To prevent this compensation and injury, the BBPS retrains your body to use both your stabilizers and your movers more effectively. For example, if you get out of a chair using your thigh and back muscles, you will likely experience tightness or pain in your knees and/or your back. However, If you properly align your ankles, hips, knees, and shoulders and use the right muscles (your glutes) at the right time (after your joints are aligned), to do the right job (stand up from your chair), your glutes (buttocks) will push you straight up to standing, with no pain in your knees and back. Give it a try and see for yourself!


Lastly, the BBPS focuses on restoring missing balance strategies. For example, you may find yourself losing your balance when you bend down to pick something up off of the ground, or falling backwards when you swing a golf club. This is often caused by the way your feet contact the ground.

Good balance starts with your feet because they are the only parts of your body that touch the ground. When you stand, your feet should hit the ground with three equal points of contact: the ball of your big toe; the ball of your little toe; and your heel. If you are standing with more weight on your toes than your heels, you will possibly fall forward when you start to move. If your arches flatten out, you will feel more weight on your big toe and your heel—only two points of contact with the ground, which is less stable than three. As a result, your knees will drop inward, your hip stabilizers will “turn off,” your thigh and back muscles will be forced to compensate to support your posture; and you will likely feel the stress in your knees and back.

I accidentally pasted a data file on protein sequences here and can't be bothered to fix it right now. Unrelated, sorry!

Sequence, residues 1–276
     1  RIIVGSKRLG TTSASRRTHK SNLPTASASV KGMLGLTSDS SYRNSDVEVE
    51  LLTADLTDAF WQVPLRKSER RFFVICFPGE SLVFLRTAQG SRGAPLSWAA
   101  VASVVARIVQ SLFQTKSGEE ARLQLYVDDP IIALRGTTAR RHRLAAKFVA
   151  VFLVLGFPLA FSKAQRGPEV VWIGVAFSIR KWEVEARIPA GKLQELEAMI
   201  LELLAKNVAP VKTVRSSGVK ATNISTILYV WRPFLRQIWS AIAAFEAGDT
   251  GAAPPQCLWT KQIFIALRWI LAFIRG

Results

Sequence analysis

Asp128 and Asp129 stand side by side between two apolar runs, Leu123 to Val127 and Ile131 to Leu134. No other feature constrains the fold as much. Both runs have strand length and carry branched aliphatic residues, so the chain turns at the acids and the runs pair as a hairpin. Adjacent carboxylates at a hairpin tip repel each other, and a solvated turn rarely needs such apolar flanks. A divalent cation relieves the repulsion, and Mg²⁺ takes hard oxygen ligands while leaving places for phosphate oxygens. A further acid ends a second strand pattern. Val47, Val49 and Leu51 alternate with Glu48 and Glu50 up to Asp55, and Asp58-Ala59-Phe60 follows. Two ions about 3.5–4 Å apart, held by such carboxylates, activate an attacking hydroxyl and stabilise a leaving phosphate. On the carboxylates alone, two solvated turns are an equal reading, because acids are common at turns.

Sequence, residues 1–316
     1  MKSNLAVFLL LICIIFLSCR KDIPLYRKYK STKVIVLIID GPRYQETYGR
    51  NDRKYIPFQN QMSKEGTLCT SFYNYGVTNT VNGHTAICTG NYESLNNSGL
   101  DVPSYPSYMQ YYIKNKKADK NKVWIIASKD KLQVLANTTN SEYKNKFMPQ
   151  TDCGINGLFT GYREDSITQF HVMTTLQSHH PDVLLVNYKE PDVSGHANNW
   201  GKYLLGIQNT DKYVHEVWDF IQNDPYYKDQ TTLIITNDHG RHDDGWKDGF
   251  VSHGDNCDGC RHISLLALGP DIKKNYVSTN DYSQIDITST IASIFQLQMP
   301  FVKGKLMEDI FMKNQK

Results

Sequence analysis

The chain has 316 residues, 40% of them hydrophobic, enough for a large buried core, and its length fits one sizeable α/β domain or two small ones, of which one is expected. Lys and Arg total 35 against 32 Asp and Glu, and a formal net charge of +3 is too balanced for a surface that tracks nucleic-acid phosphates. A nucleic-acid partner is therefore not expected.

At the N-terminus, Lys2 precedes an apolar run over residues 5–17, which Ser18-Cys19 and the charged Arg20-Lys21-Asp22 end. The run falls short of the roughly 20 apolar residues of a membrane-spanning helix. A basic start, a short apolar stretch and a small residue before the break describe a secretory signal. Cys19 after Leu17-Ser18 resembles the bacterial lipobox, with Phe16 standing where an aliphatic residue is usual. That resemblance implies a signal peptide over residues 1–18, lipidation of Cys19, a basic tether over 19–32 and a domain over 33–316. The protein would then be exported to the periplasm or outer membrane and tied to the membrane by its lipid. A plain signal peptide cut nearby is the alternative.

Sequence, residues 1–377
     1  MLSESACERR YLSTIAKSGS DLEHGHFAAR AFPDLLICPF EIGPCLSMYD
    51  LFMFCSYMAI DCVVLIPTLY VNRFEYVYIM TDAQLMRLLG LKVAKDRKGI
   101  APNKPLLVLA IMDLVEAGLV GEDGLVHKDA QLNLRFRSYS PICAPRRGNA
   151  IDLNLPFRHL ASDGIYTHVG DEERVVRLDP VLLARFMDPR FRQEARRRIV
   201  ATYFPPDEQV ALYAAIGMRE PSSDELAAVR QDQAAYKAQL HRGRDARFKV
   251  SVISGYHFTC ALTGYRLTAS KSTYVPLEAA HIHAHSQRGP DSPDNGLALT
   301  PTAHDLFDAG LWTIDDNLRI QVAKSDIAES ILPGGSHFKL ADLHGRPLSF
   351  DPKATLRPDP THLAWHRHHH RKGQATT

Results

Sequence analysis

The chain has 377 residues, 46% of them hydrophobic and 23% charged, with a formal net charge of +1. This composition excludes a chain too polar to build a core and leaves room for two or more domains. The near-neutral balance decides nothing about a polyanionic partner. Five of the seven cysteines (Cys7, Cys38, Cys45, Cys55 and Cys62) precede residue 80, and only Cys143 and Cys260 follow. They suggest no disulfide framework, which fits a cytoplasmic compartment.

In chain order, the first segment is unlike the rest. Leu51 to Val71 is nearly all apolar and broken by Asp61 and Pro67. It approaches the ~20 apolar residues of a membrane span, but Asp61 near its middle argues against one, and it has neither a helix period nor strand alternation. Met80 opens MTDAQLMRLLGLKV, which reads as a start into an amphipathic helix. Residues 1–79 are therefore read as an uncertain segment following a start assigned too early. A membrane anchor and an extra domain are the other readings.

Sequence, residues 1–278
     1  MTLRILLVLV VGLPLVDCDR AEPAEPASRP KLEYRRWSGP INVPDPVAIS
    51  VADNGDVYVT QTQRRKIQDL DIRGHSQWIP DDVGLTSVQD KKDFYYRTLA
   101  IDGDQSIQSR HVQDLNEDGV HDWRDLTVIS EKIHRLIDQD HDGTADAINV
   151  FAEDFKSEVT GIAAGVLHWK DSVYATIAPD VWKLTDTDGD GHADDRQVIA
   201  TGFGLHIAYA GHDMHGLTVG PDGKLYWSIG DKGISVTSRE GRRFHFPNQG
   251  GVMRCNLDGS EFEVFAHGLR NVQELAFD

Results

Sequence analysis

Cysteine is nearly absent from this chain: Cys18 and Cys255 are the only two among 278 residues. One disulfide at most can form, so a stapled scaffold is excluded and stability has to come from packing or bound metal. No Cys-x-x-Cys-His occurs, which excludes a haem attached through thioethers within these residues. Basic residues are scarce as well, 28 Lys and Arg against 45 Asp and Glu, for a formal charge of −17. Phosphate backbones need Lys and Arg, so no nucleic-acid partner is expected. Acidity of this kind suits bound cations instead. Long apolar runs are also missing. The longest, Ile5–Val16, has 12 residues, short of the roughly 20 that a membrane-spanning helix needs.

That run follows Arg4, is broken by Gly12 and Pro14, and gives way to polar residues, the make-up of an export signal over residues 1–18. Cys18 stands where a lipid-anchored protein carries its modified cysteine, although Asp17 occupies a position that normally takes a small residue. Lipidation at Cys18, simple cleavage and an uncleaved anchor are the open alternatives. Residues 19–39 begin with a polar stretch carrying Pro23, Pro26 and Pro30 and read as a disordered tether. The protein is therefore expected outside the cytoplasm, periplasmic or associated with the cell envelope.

However, if you align your ankles, knees, hips, and shoulders, and balance yourself on three points of contact, your arches will be more supported, your knees will take less stress, your hip stabilizers will be more active, and your thigh and back muscles will not be needed to support a balanced standing posture. Learning the Body & Brain Performance Strategy to realign, retrain, and restore will improve your performance—in daily activities and in sports—and give you back the control of your balance in life.

About the Author

Kjersten Marlow, MPT, TPI, SFMA, DN-1, is a physical therapist with more than 20 years in sports and performance experience. She is a Level 3 Titleist Performance Institute (TPI) certified practitioner, has a certification in the Selective Functional Movement Assessment (SFMA), and performs Dry Needling.

She also will complete her coursework as a Certified Postural Neurologist by the end of this year. Her holistic approach combines manual therapy, movement analysis, and stability training to maximize her clients’ performance, while minimizing their injury. For a complimentary 30-minute injury or performance consultation (phone or in-person), reference this article and contact:

TherExcel Golf Performance & Physical Therapy;
(919) 812-1717; or